Your work technique is pretty original, because you have always done your best to take advantage of your lack of expertise. Technically speaking, how do you approach your work?
Our first obsession was to work with these errors or “bugs” and to control them afterward, something that we are able to do today. We handle the sound and visual material with similar equipment, 8-bit machinery, Nintendos, Ataris, VHS, V4 and our famous distortion pedal. Using this type of equipment can be a true advantage, and it really helps us in terms of technical imperfections. We often create from visual textures with controlled errors found after compression, with noise and video feedback. This texture accumulates in layers, thus creating a gray area between the figurative and the abstract. Our visuals are structured on the rhythm of the music, echoing one another.
What is so special about this distortion pedal? How does it help you with your work?
This pedal called FTG-636 or “footgritcher” was made from an old TV box. We asked Karl Klomp, an engineer and glitch artist, to make it specially for us. He transformed the decoder into a patch bay, a kind of synthesizer which can make connections using cables to create effects and combinations. The possibilities are huge, thanks to this system. For the pedal part, he made three audio options that we can simultaneously manipulate with the video.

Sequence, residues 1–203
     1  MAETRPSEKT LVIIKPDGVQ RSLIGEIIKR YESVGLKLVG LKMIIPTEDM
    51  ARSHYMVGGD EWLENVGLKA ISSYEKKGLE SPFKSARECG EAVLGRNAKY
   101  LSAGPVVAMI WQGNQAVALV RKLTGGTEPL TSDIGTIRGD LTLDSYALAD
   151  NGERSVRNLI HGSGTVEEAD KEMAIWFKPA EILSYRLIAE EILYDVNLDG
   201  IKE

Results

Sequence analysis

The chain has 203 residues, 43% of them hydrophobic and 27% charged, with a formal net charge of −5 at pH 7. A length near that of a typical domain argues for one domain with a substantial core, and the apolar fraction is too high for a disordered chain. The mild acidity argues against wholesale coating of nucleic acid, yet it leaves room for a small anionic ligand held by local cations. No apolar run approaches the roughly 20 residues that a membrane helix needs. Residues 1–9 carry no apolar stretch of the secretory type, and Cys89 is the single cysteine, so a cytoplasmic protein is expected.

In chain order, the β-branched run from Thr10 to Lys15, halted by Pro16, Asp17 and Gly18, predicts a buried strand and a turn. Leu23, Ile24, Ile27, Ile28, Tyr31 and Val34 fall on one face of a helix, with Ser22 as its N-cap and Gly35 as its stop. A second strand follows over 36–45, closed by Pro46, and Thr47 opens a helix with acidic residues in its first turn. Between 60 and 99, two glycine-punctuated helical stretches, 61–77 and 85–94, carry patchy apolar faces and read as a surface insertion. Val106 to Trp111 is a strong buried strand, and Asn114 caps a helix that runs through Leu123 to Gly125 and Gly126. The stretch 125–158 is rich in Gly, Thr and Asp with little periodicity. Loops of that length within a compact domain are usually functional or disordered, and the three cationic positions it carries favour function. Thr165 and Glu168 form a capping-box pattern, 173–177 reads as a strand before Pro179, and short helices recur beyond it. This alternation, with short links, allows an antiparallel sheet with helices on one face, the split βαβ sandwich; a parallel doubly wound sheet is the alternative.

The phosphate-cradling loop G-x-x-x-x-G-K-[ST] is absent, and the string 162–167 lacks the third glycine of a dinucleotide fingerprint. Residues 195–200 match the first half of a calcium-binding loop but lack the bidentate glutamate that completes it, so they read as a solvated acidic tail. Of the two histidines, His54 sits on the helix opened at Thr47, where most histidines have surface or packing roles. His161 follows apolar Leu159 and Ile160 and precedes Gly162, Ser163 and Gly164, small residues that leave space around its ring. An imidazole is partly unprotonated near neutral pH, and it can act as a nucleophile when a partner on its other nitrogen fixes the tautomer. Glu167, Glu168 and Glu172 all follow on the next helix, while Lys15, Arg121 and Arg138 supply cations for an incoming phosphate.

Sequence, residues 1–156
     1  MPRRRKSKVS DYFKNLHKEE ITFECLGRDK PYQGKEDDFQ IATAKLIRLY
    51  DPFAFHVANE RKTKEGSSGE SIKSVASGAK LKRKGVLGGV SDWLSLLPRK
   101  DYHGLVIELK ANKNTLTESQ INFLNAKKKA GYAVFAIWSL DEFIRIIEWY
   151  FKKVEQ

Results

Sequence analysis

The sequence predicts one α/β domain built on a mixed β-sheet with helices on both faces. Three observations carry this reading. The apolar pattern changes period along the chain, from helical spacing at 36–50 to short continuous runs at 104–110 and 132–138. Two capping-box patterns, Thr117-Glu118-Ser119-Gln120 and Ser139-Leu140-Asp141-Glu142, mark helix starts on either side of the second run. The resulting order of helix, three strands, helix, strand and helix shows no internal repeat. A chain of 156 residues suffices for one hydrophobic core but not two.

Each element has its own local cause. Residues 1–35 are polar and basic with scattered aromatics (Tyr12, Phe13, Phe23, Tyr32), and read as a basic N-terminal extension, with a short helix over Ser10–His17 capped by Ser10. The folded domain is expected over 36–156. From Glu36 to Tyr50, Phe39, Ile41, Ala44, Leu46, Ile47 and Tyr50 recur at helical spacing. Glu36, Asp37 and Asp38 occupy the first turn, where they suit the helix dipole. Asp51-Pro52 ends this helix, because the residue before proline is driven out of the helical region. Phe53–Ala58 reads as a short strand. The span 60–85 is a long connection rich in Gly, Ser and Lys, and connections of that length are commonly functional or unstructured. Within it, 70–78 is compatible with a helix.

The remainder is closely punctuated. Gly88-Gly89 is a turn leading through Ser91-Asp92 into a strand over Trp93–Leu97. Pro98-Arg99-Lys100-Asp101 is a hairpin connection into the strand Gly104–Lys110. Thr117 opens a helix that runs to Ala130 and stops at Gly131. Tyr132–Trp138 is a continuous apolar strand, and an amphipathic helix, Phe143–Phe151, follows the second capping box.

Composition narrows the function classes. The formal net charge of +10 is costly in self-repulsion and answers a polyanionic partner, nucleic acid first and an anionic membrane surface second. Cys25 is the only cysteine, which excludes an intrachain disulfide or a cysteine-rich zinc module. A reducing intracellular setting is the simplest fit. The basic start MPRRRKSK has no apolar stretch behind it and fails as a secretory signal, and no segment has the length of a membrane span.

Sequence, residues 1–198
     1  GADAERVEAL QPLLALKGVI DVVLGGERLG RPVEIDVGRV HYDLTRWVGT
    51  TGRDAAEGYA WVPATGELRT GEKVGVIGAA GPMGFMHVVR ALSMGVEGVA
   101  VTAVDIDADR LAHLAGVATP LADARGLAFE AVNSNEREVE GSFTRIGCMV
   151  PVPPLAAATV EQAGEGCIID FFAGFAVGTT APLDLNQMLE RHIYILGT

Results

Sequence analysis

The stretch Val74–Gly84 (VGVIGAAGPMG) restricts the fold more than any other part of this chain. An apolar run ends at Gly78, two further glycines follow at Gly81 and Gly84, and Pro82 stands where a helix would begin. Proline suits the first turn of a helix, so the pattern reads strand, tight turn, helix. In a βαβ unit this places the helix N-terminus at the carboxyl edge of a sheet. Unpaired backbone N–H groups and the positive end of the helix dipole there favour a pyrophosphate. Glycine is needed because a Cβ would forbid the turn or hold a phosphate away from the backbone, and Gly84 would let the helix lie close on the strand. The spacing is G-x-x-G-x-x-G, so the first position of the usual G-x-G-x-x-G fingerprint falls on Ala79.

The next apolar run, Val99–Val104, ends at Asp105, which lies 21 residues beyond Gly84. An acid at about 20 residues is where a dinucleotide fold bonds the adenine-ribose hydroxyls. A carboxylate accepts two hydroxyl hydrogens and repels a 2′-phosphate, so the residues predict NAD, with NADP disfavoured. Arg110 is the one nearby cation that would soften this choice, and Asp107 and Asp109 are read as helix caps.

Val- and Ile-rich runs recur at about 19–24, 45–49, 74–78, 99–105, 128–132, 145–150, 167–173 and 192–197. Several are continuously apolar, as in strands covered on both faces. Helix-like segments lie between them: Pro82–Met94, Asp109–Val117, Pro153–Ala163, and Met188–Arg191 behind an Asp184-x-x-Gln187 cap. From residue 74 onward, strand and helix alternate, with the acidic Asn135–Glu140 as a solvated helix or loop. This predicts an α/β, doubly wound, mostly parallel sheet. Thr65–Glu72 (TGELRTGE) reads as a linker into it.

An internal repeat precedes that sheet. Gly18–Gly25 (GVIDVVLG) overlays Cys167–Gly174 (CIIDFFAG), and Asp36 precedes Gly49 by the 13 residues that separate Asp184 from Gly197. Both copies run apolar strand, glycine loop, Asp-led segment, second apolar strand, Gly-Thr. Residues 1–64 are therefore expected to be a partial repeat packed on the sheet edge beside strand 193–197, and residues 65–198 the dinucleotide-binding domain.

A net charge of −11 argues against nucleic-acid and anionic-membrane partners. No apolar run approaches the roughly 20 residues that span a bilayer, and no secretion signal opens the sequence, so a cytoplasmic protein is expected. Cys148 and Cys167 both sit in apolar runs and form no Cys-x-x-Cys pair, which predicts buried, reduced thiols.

I guess that the apparition of high definition didn’t make your work easier. How did you face that technological improvement?
With the advent of HD, standard resolutions have doubled and everything became digital. Generating glitch art from HD and a digital signal is way harder. We had experimented so much with analog equipment that it became impossible for us to stop working with it. But today, we have no choice but to cope with that and working with digital and analog material. Of course, we still work a lot with our analog equipment, but we record everything in a digital format. Since the beginning of our experiments, we haven’t really respected video standards. We usually like to stretch the image or magnify it to switch it to an HD format, which is actually not recommended. But in light of our experiments, I think that the results have been pretty satisfying.